For decades, hip-hop was snubbed by folks who refused to consider it high art; now curators are clamoring to tell its stories. In 2021, Contemporary Arts Museum Houston showcased DJ Screw’s legendary signature sound with the exhibit Slowed and Throwed: Records of the City Through Mutated Lenses. And in 2022, the Brooklyn Museum amplified the late Virgil Abloh’s hip-hop–inspired work as a designer and visionary artist with the mixed-media installation Figures of Speech. Now the Baltimore Museum of Art is celebrating the maturation of the music genre with The Culture: Hip Hop and Contemporary Art in the 21st Century.
“Whenever an art form reaches this point in age, there’s this desire to canonize it,” says Gamynne Guillotte, who co-curated the Baltimore exhibition with Asma Naeem. “Hip-hop is old enough to have its own set of references, and it’s a really beautiful moment for really taking stock of what that means for a genre that is about constant evolution.”
The Culture, which opened on April 5, features paintings, drawings, photography, sculptures, videos, and installations tracking hip-hop’s progression since its beginnings in the South Bronx in 1973. More than 90 works, from artists such as Julie Mehretu, Monica Ikegwu and Carrie Mae Weems, illustrate the music form’s journey from rebellious sibling to pop-culture dominator. A soundscape, from Baltimore-based artists Wendel Patrick and Abdu Ali, adds context to the experience as attendees listen to an audio collage inspired by the exhibition’s themes.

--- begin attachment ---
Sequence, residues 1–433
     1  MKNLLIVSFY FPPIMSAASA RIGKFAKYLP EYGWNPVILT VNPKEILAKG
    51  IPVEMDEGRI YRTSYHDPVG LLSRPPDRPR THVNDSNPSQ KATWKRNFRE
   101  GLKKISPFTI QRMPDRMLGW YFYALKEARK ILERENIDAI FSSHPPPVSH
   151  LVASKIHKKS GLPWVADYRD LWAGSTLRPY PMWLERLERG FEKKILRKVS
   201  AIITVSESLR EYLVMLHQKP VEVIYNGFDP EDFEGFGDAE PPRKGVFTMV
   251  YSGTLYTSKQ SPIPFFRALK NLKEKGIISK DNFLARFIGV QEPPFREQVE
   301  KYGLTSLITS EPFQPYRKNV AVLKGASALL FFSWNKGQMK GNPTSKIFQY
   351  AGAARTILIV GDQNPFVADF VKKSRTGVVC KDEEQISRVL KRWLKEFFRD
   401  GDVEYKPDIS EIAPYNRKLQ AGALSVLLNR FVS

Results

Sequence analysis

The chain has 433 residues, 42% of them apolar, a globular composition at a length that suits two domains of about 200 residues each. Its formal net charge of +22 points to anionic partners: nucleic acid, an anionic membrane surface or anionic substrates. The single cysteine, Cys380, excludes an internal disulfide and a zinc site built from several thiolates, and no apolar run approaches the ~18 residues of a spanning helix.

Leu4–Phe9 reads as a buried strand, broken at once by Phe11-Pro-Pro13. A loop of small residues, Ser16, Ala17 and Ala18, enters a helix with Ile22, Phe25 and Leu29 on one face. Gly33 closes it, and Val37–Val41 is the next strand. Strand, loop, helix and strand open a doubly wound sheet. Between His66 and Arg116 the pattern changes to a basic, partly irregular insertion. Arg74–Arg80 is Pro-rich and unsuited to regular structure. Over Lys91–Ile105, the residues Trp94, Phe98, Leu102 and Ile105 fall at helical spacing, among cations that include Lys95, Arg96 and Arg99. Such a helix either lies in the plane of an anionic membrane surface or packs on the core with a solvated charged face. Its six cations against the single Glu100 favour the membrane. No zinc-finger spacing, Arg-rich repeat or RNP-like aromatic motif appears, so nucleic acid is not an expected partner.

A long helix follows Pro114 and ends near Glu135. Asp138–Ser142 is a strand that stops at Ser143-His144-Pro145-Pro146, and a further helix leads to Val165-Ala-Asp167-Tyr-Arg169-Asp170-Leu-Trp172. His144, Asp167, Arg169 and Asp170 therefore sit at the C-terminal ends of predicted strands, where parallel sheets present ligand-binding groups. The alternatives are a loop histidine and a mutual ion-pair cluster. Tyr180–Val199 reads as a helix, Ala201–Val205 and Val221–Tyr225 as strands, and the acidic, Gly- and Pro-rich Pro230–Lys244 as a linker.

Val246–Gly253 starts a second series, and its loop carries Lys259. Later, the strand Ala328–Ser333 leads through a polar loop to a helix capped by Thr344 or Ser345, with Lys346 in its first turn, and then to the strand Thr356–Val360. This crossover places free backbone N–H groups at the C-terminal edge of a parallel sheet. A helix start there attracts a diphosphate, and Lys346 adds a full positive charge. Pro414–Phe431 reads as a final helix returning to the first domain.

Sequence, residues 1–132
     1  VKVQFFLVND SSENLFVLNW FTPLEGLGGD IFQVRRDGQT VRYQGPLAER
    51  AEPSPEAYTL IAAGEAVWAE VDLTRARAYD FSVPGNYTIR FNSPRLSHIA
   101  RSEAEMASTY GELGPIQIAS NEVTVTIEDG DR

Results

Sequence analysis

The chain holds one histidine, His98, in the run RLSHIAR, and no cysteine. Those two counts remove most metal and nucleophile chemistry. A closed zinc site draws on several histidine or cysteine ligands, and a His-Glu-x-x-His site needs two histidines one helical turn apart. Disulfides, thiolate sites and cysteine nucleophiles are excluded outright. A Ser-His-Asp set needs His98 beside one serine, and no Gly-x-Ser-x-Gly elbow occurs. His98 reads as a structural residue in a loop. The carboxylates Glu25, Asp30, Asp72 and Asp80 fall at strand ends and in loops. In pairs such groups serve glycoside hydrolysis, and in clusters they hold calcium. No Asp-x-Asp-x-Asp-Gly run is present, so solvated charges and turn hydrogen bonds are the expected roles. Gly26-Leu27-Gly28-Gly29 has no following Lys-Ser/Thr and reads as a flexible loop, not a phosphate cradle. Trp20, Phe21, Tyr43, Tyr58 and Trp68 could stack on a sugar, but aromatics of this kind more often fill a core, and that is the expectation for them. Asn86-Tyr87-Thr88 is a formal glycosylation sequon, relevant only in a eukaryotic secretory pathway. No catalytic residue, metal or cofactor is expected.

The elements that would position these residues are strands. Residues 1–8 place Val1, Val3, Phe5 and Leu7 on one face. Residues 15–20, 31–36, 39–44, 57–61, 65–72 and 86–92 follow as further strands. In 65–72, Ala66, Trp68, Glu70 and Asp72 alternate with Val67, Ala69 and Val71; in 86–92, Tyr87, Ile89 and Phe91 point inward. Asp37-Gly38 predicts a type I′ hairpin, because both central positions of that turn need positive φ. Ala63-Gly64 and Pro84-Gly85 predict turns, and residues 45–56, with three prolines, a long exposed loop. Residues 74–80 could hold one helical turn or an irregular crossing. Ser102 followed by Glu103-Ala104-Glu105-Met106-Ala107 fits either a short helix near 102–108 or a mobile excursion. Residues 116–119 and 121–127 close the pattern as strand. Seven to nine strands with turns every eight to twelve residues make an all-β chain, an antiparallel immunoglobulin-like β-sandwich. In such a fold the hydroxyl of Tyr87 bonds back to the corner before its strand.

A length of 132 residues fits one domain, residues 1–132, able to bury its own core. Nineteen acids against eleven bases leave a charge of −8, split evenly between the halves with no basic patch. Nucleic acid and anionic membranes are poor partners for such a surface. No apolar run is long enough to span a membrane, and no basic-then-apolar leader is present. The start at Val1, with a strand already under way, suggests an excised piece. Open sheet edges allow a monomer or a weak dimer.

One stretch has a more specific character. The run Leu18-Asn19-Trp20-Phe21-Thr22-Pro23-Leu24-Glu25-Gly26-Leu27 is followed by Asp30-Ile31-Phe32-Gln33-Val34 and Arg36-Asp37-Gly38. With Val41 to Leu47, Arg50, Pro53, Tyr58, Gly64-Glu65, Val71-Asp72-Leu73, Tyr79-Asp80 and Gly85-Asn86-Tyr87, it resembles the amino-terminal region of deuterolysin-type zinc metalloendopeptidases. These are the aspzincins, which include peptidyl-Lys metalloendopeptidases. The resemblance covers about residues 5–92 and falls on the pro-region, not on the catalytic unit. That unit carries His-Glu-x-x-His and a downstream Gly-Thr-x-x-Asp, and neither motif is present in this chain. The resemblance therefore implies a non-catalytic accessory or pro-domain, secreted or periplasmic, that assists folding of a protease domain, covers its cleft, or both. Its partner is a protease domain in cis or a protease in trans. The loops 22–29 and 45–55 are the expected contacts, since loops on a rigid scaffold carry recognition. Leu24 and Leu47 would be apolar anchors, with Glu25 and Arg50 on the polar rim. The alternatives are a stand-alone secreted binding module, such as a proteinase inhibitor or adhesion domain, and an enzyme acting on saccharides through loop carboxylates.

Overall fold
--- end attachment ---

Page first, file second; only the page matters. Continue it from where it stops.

“This is a show that you should be able to move your body in,” adds Guillotte. “It actually has a soundtrack to it.”
It’s also one that examines both the admiration and the tension between rappers and the visual artists they name-drop on tracks, including Abloh.
“There’s this absolute canon of Western art history—then there’s this alternate canon that hip-hop has created. And it’s in conversation with that traditional canon, even as it’s pushing against it,” Guillotte explains.
“One of the ways that the conversation around hip-hop and contemporary art takes place is that these things are in some way diametrically opposed to each other. But if you look at the history of hip-hop, fine art’s always been there. There’s always been this conversation between the street and the gallery.”
Notable fashion moments—from Dapper Dan to Louis Vuitton’s newest men’s creative director, Pharrell Williams—are included in those conversations, alongside images of an Azalea tracksuit from Telfar Clemens, Lil’ Kim’s iconic turquoise Chanel bang and Jordan Casteel’s 2018 painting, “Fendi.”
“It was very important for us to really think about fashion as an art form unto itself,” says Guillotte. “Fashion has had a tremendous impact on contemporary artistic practice.”
Guillotte sees including wearable art as a “leveling of hierarchies”—and notes its opportunity to expand the mindset of museumgoers. Her ultimate hope, she says, is that “audiences walk away with a different kind of appreciation for both hip-hop and contemporary art and their interplay.” The Culture: Hip Hop and Contemporary Art in the 21st Century will be on display through July 16, 2023.
Lead image: Hank Willis Thomas’s“Black Power,” 2006; barrett barrera Projects.